(Mr Sumner) I think certainly we will want to look at that. What we have tried to do with DMA is to make a better interface between the customers and ourselves in the sense that first tier decisions now have a help line number where somebody can ring up to get a verbal explanation of their decision before they decide whether to accept the decision or, indeed, to appeal. Then there is the reconsideration process which is full which, as you rightly say, is not as detailed as the previous review process but the intention was to put it in plainer, more easily understood language. The review process tended to be rather lengthy and daunting and I can quite understand why some of my staff said that in their view was a better process because from their point of view technically it was very much more detailed. I think there is a case to be made that customers perhaps would prefer more plain language which is easily understood. I take your point that we perhaps do not yet understand fully the customer dynamics on this one and I think at some point we will have to do some more work on it.
  (Mr Edge) If I can add to that. I think there is a lot more training needed on DMA. DMA is a simple concept but quite complicated in reality. We are taking forward additional training on DMA again across the piece to try and get it more specific also to the benefits involved. The Standards Committee, who work closely with us on that, have made a lot of recommendations in that area. We are trying to get some training in place as we speak on DMA as we move forward. We put in place full training at the beginning but now we recognise more training is needed to get it spot on in essence.

Mr Thomas

  93. Can we deal with the process of appeals by yourselves. You are required to collect information on how your part of the appeals process is operating, in other words the time taken by the Benefits Agency to prepare submissions once the appeal has been lodged.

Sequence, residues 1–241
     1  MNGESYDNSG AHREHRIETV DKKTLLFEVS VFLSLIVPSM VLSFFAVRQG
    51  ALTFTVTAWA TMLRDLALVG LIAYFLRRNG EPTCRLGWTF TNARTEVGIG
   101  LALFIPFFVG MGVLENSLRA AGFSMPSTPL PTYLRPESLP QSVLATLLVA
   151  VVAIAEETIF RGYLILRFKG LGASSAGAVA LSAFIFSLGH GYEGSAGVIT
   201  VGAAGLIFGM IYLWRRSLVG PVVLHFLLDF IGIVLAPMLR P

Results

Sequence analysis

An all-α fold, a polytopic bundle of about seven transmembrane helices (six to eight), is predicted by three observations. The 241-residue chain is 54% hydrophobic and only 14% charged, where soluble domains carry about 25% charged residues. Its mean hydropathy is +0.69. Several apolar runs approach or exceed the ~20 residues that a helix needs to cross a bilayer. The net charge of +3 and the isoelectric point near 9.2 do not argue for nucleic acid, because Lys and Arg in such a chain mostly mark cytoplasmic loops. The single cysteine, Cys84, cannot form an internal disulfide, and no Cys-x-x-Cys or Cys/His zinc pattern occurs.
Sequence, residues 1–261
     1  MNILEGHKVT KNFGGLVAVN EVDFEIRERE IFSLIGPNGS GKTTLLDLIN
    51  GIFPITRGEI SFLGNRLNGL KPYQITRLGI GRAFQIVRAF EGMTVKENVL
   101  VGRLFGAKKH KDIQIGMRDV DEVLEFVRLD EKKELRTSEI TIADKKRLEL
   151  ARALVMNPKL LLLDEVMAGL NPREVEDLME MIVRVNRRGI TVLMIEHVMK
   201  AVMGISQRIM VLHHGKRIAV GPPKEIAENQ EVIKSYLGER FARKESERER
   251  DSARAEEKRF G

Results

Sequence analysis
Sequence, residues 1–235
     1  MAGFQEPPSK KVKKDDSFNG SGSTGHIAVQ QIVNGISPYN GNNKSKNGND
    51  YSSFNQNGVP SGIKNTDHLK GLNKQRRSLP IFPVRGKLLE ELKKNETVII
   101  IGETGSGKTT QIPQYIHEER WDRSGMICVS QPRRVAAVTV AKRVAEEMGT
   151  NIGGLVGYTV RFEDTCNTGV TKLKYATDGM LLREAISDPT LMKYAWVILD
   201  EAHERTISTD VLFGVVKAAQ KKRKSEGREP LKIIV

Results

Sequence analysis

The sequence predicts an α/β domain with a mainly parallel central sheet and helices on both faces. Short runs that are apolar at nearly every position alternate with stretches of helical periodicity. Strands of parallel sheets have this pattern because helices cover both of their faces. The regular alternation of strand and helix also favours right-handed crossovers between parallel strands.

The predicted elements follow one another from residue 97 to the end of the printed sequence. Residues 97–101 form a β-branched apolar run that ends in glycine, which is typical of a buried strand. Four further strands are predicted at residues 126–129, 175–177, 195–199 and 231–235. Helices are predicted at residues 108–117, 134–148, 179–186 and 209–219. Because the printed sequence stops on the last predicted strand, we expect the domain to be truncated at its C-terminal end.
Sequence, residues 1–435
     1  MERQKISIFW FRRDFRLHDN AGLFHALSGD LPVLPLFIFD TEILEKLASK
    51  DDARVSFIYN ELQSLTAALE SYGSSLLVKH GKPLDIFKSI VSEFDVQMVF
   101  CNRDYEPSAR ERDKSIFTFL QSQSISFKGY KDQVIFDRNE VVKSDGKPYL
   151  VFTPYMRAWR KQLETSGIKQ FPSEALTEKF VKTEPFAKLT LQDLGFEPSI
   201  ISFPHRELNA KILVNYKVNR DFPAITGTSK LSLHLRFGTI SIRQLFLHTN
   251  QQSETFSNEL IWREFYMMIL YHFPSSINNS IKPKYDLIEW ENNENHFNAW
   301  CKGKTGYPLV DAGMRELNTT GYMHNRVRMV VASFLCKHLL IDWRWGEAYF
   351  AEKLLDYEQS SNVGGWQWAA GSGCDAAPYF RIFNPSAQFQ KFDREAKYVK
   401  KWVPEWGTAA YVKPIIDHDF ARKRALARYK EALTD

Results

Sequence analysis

(Mr Edge) Yes.

  94. We have a problem as a Committee because we are trying to measure what progress has been made as far as clearance rates are concerned and we are particularly concerned about the perspective of your customers, as you can appreciate. One quick question, from your perspective how do you define clearance times? Is it end to end, appeal lodged to final hearing?
  (Mr Edge) No.

  95. Well, what?
  (Mr Edge) We have an internal target which is that we should clear 95 per cent in 90 days in the Income Support and Child Benefit and Social Fund. Our average clearance time is 40 days, as I think was mentioned in the earlier session.

  96. You were here, I think, for the evidence taken from the Appeals Service.
  (Mr Edge) Yes, I was.

  97. What is the phrase you use to describe end to end from when you first get information of claims and when it goes from your hands to the Appeals Service eventually and ends up being resolved?
  (Mr Edge) The total end to end from the customer's point of view?

  98. Yes, what do you call that? Do you call that clearance time?
  (Mr Edge) No, that is end to end, I would say, across both agencies.

  99. Do you not think we need to have some sort of category of statistic here?
  (Mr Edge) Total clearance time.